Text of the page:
Lifeforce-attachment0

Lifeforce

Movie Information

In Brief: A race of space vampires (who travel about in some kind of giant seedpod inside Halley's Comet) end up making their way across England, sucking the lifeforce out of their victims — apparently to power their seedpod. As looney as it sounds, and something of a mess, despite Tobe Hooper's best efforts and a cast that's better than the material, Lifeforce nonetheless provides its fair share of downright peculiar entertainment.
Score:

Genre: Sci-Fi Horror
Director: Tobe Hooper
Starring: Steve Railsback, Peter Firth, Patrick Stewart, Frank Finlay, Mathilda May, Michael Gothard
Rated: R

When Tobe Hooper’s Lifeforce first hit theaters in 1985, some wag at the Village Voice (I think it was Michael Musto) termed it the year’s best film about intergalactic vampires. Well, it still is. In fact, I’d wager it’s the best movie ever made on the topic. Considered a travesty by fans of Colin Wilson’s novel Space Vampires on which it’s based, the film may be pretty silly — it’s certainly on the demented side — but it’s pretty darn entertaining. If you can accept the idea of some kind of organic seedpod spaceship cruising through space in Halley’s Comet, then you can probably buy the idea of naked vampires from said ship prowling the English countryside sucking the lifeforce out of any hapless human they encounter. From there, it ought to be a simple step to accept that their victims become vampire zombies — all in the service of collecting lifeforces and transferring them to the orbiting seedpod spaceship. The whole thing is really a kind of sexed-up (lead lady vampire Mathilda May spends the entire movie naked) rip-off of Quatermass and the Pit with extra gore and larger scale mayhem. The weirdest thing about it is that the film has the appearance of having been fairly expensively made and the cast is undeniably impressive — even though their combined performances make for a feast that wouldn’t be served at a kosher table. That may be part of the appeal — and really I’m not sure there was any other way to play this overheated nonsense. In any case, it fits the movie. I can’t honestly say it’s a good movie, but it’s certainly four stars worth of entertainment.

The Thursday Horror Picture Show will screen Lifeforce Thursday, Oct. 11 at 8 p.m. in the Cinema Lounge of The Carolina Asheville and will be hosted by Xpress movie critics Ken Hanke and Justin Souther.

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About Ken Hanke
Head film critic for Mountain Xpress since December 2000. Author of books "Ken Russell's Films," "Charlie Chan at the Movies," "A Critical Guide to Horror Film Series," "Tim Burton: An Unauthorized Biography of the Filmmaker."

12 thoughts on “Lifeforce

  1. Andrew

    I saw this when it came out, and I remember thinking, boy, this is just over-the-top awful. But over the years I’ve changed my mind – it’s strangely entertaining, as you say. By contrast, Hooper’s remake of Invaders from Mars, which I also saw soon after it came out, was pretty much instantly forgettable – I can’t remember a scene from it.

  2. Orbit DVD

    I saw this in the theaters when I was 16. Needless to say it was my favorite movie of the year.

  3. Dionysis

    I saw this when it first came out, and it probably took a full week to reel my tongue and eyeballs back into place as a result of the footage of Mathilda May.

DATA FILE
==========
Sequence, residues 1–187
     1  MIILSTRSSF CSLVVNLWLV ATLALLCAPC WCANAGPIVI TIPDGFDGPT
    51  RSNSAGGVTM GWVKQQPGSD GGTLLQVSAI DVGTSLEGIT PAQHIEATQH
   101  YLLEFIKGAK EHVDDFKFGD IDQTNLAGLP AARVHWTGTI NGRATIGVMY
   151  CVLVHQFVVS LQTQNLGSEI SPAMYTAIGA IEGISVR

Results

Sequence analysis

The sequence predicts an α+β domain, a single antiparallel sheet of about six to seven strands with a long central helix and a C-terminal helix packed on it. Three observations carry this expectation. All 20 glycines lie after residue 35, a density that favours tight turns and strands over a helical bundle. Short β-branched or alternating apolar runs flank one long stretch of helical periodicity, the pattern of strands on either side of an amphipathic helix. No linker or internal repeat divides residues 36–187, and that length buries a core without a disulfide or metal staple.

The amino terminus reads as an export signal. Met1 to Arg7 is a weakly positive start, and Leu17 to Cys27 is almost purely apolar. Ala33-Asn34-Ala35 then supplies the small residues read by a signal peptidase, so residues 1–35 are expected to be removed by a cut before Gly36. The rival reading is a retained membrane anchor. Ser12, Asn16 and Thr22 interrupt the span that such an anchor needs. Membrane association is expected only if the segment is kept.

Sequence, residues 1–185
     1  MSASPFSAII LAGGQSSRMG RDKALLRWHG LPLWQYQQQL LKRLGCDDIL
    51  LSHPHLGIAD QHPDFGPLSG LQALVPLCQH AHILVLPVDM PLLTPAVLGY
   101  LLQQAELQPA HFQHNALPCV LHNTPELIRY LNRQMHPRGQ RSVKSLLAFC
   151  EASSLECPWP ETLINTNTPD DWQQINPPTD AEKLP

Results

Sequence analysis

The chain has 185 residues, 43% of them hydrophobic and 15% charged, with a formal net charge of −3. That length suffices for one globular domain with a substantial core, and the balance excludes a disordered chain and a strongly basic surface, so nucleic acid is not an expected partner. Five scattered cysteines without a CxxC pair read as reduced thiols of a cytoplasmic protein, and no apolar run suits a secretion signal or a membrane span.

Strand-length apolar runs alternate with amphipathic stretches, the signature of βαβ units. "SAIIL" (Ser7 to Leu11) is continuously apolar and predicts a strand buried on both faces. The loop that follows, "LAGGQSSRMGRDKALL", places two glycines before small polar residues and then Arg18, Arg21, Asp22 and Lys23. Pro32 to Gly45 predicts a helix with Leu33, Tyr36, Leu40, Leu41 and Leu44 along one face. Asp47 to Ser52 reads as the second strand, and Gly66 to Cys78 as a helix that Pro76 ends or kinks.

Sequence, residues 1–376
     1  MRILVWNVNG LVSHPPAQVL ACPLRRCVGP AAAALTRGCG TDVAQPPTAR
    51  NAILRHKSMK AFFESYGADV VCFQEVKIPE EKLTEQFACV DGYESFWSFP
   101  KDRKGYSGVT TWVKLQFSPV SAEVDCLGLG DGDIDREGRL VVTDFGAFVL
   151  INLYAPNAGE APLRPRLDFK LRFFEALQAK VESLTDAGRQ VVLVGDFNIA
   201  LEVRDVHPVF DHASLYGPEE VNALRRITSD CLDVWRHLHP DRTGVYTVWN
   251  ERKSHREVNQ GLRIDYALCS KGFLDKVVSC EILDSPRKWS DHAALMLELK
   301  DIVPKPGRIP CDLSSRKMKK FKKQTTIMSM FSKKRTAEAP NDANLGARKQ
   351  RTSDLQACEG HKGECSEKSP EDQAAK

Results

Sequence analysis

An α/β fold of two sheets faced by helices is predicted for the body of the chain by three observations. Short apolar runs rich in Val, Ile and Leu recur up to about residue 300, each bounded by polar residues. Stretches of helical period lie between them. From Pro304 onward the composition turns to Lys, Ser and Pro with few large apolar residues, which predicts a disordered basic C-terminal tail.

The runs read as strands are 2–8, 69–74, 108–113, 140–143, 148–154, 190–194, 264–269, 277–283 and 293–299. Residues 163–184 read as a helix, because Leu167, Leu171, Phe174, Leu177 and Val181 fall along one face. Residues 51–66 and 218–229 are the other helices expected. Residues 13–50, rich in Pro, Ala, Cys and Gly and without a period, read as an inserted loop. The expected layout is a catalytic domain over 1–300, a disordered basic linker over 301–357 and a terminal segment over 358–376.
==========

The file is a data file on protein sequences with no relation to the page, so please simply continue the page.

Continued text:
And the movie was pretty good too.

  4. Ken Hanke

    This movie seems to have more support than I would have expected. Let’s see how it draws tonight.

  5. DrSerizawa

    Yeah, crappy but unaccountably entertaining. How did it do?

  6. Ken Hanke

    Fair, but underwhelming turnout — maybe 30 — 28 of whom appeared to love it. It’s actually cheesier on a screen and with an audience. Some of the ideas are fascinating, much of the dialogue and acting is pretty appalling…in a good way.

  7. Orbit DVD

    Fair, but underwhelming turnout — maybe 30 — 28 of whom appeared to love it. It’s actually cheesier on a screen and with an audience. Some of the ideas are fascinating, much of the dialogue and acting is pretty appalling…in a good way.

    We live in one of the few towns where the debates are competition.

  8. Ken Hanke

    We live in one of the few towns where the debates are competition.

    I considered that as a possible factor in the attendance. And I similarly considered that perhaps they’d gone to the civic center to see the true meaning of horror. But in all honesty, I have never been able to determine who will show up for what or why they will or won’t.

  9. Big Al

    My first bite of “cheese” was the notion that Britain would ever be able to afford a space shuttle, especially one that could fly all the way out to Halley’s Comet.

    I actually felt that there was some sympathy towards the female vampire, perhaps a hesitancy to kill her, especially toward the end. Or maybe it was just me. I mean, a vampire has to eat too, right?

  10. Ken Hanke

    My first bite of “cheese” was the notion that Britain would ever be able to afford a space shuttle, especially one that could fly all the way out to Halley’s Comet.

    Well, it is apparently a joint US/UK venture.

    I actually felt that there was some sympathy towards the female vampire, perhaps a hesitancy to kill her, especially toward the end. Or maybe it was just me. I mean, a vampire has to eat too, right?

    I think any sympathy would come from the fact that the film’s most sympathetic character is Steve Railsback, who is linked to her not only because he’s supposedly somehow “one of them,” but because she’s cobbled into being from his feminine side. (Both of these things assume you buy into the movie’s storyline.)

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